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An open-label proof-of-concept study of intrathecal autologous bone marrow mononuclear cell transplantation in intellectual disability



The underlying pathophysiology in intellectual disability (ID) involves abnormalities in dendritic branching and connectivity of the neuronal network. This limits the ability of the brain to process information. Conceptually, cellular therapy through its neurorestorative and neuroregenerative properties can counteract these pathogenetic mechanisms and improve neuronal connectivity. This improved networking should exhibit as clinical efficacy in patients with ID.


To assess the safety and efficacy of cellular therapy in patients with ID, we conducted an open-label proof-of-concept study from October 2011 to December 2015. Patients were divided into two groups: intervention group (n = 29) and rehabilitation group (n = 29). The intervention group underwent cellular transplantation consisting of intrathecal administration of autologous bone marrow mononuclear cells and standard neurorehabilitation. The rehabilitation group underwent only standard neurorehabilitation.

The results of the symptomatic outcomes were compared between the two groups. In the intervention group analysis, the outcome measures used were the intelligence quotient (IQ) and the Wee Functional Independence Measure (Wee-FIM). To compare the pre-intervention and post-intervention results, statistical analysis was done using Wilcoxon’s matched-pairs test for Wee-FIM scores and McNemar’s test for symptomatic improvements and IQ. The effect of age and severity of the disorder were assessed for their impact on the outcome of intervention. Positron emission tomography-computed tomography (PET-CT) brain scan was used as a monitoring tool to study effects of the intervention. Adverse events were monitored for the safety of cellular therapy.


On symptomatic analysis, greater improvements were seen in the intervention group as compared to the rehabilitation group. In the intervention group, the symptomatic improvements, IQ and Wee-FIM were statistically significant. A significantly better outcome of the intervention was found in the paediatric age group (<18 years) and patients with milder severity of ID. Repeat PET-CT scan in three patients of the intervention group showed improved metabolism in the frontal, parietal cortex, thalamus, mesial temporal structures and cerebellum. No major adverse events were witnessed.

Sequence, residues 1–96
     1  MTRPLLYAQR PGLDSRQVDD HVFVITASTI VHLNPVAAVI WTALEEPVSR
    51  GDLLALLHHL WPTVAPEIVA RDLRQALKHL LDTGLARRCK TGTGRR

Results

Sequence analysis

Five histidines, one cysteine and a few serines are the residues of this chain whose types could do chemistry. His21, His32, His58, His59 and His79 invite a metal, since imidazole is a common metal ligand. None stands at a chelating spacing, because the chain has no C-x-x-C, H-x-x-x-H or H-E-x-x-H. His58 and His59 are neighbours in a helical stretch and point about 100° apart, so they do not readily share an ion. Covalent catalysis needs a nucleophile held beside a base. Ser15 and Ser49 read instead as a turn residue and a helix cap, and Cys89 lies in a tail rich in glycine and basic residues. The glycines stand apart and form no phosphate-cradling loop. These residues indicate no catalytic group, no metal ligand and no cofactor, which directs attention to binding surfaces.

Cellular transplantation with neurorehabilitation is safe and effective for the treatment of underlying brain deficits in ID.

Trial registration NCT02245724. Registered 12 September 2014.


In The Diagnostic and Statistical Manual of Mental Disorders, fifth edition (DSM V), intellectual disability (ID) has been defined as “a disorder with onset during the developmental period that includes both intellectual and adaptive functioning deficits in conceptual, social, and practical domains” [1]. The prevalence of ID is approximately 1–3% with a corresponding intelligence quotient (IQ) < 70 [2]. The epidemiology of ID suggests that in adults the female-to-male prevalence ratio ranges between 0.7:1 and 0.9:1, while it varies between 0.4:1 and 1:1 in children and adolescents [3]. The pathophysiology leading to ID is poorly understood in almost one-third of diagnosed ID [4]. The onset of disabilities suggests an anomaly in the natural course of brain development, particularly the regions that are associated with higher cognitive functions. The clinical presentations in ID are diverse depending upon the severity of the disability and the underlying cause for the disability [5]. The mechanism of injury involves abnormalities in dendritic branching and connectivity of the neuronal network which limits its ability to process information, especially in early childhood, during which learning and acquisition of intellectual abilities and emotional behaviour occurs [6]. The conventional management strategies involve medications, behavioural therapy, psychological intervention and occupational therapy which aim at stabilising the symptomatic representations in ID [7]. These strategies, however, do not address the underlying neuronal damage.

Recently, cellular therapy has shown safety and efficacy in several neurological disorders [8,9,10,11]. Evidence suggests that the stem cells carry out a reparative process through their neuroprotective and neurorestorative properties. Conceptually, the mechanism of action of stem cells should counteract the underlying neuronal network abnormalities in ID and yield beneficial clinical effects in patients [4].

The aim of this study is to assess the safety, efficacy and clinical effects of autologous bone marrow mononuclear cell (BMMNC) intrathecal transplantation in patients with ID.


Ethics statement

Patients were selected based on the World Medical Association Helsinki Declaration for Ethical Principles for medical research involving human subjects [12]. The Institutional Committee for Stem Cell Research and Therapy (IC-SCRT) reviewed and approved the protocol of the study. The intervention was explained to the parents in detail along with possible adverse events. Written informed consent was obtained from the parents of the patients. The consent was also video recorded.

Study design

The study was designed and conducted as an open-label proof-of-concept study in a single hospital centre, Mumbai, India, starting from October 2011 to December 2015. A total of 58 patients with ID were included in the study. They were divided into the intervention group (n = 29) and the rehabilitation group (n = 29). The intervention group underwent cellular transplantation and standard neurorehabilitation. The cellular transplantation consisted of intrathecal administration of autologous bone marrow mononuclear cells. Neurorehabilitation included special education, psychological, occupational and speech therapy.

Intervention group

  1. (a)

    Patient selection criteria